The Advent of the Covenant upon King David, Part 2

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When we investigate the scriptural history we find that David did not place his trust in popular opinion as represented by Saul (in that the people chose to have a king reign over them) nor did he place his trust in religious opinion (as represented by the fallen House of Eli and that of Abin’adab-Elea’zar).

No. David did not fear these rulers. David put his trust in God by trusting the wisdom of a man from the tribe of Ephraim, upon whom God had bestowed spiritual authority – Samuel, whose mother Hannah, had prophesied:

“… for the pillars of the earth are the Lord’s and on them He has set the world. He will guard the feet of His faithful ones; but the wicked shall be cut off in darkness; for not by might shall a man prevail. The adversaries of the Lord shall be broken to pieces; against them He will thunder in heaven. The Lord will judge the ends of the earth; He will give strength to His king, and exalt the power of His anointed.” 1st Samuel 2:8-10

From the wisdom of Samuel’s lips was David educated, learning the prophesy concerning the Messiah and choosing, of his own free will, to believe in the promises of God. Through that choice he developed steadfast faith. Thus in his 110th Psalm, David acknowledged that future Messiah as his Lord declaring:

“The Lord God said to my Lord, sit at My right hand, till I put thy enemies under thy feet.” (see also Mark 12:36)

Furthermore, David had the Psalms set to music so that the prophesies would not be forgotten. Among them is the 22nd bearing the words “… why hast Thou forsaken me?”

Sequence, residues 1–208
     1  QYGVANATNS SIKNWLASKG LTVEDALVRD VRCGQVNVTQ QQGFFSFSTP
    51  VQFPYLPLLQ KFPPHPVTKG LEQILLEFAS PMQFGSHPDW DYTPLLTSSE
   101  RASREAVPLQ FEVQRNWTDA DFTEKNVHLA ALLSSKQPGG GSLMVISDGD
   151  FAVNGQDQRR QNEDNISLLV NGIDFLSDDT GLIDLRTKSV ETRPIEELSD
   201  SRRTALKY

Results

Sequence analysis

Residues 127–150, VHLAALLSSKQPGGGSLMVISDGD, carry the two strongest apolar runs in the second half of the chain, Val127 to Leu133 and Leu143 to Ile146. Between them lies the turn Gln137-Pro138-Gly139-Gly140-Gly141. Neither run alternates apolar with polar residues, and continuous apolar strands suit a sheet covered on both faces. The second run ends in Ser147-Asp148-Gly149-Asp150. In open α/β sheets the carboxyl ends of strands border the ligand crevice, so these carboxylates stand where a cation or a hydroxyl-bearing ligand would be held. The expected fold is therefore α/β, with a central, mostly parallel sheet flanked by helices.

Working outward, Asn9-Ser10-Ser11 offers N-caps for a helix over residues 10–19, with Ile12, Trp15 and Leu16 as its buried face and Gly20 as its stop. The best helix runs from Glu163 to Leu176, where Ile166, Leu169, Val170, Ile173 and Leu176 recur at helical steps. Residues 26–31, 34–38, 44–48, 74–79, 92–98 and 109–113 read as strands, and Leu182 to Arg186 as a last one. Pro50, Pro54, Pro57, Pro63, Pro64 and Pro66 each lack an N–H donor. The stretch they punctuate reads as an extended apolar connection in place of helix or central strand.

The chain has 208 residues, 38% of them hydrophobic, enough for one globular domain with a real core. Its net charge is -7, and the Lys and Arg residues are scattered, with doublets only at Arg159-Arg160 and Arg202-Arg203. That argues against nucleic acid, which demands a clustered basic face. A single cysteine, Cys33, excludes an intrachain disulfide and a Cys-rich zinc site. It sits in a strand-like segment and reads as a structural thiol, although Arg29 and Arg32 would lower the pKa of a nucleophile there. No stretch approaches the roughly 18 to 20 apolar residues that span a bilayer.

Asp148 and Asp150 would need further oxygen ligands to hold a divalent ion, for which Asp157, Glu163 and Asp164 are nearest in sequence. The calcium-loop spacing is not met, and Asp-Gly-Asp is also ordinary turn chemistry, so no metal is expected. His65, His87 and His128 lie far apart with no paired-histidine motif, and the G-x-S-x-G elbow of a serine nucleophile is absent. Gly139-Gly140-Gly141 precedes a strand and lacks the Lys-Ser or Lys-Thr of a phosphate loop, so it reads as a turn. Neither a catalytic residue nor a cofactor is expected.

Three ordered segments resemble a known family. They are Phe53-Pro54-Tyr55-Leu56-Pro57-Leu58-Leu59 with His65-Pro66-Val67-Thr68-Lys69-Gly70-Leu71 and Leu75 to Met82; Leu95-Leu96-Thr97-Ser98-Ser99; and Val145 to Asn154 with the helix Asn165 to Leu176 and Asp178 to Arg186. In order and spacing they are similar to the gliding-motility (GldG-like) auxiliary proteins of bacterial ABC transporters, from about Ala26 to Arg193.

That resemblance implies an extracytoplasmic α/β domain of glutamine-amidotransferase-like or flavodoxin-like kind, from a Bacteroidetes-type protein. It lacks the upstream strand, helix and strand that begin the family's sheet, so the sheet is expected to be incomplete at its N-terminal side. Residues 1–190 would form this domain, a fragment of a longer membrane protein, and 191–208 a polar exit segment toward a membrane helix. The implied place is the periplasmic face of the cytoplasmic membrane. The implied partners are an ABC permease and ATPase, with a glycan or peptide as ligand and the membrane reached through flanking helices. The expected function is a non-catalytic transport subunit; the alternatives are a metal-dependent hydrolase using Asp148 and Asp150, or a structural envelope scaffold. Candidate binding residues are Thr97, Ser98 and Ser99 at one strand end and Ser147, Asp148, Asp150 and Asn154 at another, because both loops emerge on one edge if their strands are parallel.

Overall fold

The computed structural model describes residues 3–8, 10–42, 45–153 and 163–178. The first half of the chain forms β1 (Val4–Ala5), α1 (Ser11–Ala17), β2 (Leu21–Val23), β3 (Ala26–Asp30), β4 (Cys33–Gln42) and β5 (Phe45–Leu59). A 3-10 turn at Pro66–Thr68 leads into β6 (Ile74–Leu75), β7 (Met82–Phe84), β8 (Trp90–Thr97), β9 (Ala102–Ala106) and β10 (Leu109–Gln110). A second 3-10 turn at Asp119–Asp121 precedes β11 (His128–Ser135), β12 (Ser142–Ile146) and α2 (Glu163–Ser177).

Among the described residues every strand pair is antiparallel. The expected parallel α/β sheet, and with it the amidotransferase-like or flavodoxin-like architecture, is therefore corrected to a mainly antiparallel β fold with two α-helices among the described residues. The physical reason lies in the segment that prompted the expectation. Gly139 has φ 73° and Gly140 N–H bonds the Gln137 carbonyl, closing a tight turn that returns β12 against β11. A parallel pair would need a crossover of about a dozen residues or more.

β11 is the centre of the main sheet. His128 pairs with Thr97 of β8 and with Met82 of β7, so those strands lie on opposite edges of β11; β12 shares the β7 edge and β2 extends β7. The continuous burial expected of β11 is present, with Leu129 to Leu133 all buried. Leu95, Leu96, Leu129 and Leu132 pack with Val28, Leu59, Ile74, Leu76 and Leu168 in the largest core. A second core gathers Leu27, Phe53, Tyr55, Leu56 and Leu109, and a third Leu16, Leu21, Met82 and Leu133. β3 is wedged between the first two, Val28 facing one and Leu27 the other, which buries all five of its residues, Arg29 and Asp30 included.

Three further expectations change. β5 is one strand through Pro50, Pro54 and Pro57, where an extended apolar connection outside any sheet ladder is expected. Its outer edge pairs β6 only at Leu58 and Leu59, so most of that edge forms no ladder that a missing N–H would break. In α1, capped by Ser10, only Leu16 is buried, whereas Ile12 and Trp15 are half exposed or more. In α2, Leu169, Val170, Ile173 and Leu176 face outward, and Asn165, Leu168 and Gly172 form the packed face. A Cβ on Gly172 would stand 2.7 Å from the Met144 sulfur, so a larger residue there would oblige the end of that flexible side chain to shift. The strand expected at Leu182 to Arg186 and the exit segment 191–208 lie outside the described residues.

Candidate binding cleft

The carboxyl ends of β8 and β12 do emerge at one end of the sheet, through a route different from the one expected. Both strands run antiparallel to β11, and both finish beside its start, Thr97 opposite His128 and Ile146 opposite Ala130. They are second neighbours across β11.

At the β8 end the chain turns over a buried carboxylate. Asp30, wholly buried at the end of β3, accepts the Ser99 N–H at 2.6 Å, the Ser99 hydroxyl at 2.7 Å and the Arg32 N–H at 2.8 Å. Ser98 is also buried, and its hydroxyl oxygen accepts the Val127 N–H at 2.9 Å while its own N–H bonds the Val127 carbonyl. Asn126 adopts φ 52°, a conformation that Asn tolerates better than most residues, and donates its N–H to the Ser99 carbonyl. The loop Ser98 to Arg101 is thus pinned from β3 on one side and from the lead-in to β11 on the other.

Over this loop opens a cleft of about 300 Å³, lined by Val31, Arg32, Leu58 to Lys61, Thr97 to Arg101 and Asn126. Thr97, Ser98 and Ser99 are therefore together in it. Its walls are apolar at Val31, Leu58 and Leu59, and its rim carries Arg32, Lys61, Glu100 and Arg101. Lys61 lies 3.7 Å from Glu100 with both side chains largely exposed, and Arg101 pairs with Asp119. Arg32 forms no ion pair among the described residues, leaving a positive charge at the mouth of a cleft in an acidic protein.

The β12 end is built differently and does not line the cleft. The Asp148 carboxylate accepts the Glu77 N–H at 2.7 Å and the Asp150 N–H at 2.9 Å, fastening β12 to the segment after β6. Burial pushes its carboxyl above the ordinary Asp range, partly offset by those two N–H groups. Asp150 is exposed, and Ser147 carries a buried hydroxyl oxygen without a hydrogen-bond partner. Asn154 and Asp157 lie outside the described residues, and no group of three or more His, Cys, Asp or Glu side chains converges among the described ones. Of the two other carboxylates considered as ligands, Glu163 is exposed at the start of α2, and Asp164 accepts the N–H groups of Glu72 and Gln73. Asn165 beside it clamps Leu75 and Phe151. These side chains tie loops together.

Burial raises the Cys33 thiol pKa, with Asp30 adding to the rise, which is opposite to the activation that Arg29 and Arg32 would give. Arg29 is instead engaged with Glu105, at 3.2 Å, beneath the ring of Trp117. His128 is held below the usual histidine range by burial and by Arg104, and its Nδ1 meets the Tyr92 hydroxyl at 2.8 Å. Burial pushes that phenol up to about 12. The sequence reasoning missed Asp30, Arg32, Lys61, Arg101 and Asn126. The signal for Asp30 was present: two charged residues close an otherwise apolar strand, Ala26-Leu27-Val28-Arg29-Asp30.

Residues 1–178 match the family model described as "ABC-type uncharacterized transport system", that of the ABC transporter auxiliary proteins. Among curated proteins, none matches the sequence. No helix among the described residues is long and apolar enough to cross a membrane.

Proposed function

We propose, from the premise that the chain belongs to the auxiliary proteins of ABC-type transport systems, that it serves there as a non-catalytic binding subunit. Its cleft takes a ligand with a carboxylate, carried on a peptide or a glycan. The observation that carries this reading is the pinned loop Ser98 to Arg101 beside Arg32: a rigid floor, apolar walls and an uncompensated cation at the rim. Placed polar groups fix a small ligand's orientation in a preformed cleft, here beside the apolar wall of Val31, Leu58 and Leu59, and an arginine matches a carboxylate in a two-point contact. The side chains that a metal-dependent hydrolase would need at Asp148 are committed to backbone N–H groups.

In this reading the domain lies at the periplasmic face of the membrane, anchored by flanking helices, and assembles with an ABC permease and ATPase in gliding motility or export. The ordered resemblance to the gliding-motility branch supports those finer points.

This is the cry which, in 70 ad, went up from a million or more people of the tribes of Benjamin, Judah and Levi upon witnessing the destruction of the temple in the siege and subjugation of the city of Jerusalem by the Roman general Titus in response to their insurrection against the rule God had placed upon them.

This was all in accord with His Word and His warning such as that from Jesus’ mouth: “ … there will not be left here one stone upon another that will not be thrown down.” (Matthew 24:2)

Perhaps, when they witnessed that their temple and city were indisputably forsaken some of them remembered that, just 36 years before, Jesus – whom their Sanhedrin had crucified – cried out with his dying breath those same words: “O God, My God, why hast Thou forsaken Me?”

Perhaps they even called to mind other verses in that same Psalm. For instance:

Verse 16 “ … a company of evildoers encircle me; they have pierced my hands and feet …”
Verse 17 “ … they stare and gloat over me …”
Verse 18 “ … they divide my garments among them, and for my raiment they cast lots.”

All fulfilled at the hands of the unwitting and forgetful in 34 ad.

Then within less than 40 years the religious elites in Israel fell from power. Jesus prophesied it beforehand, “Truly I tell you, this generation will not pass away until all these things have happened.” (Matthew 24:34)


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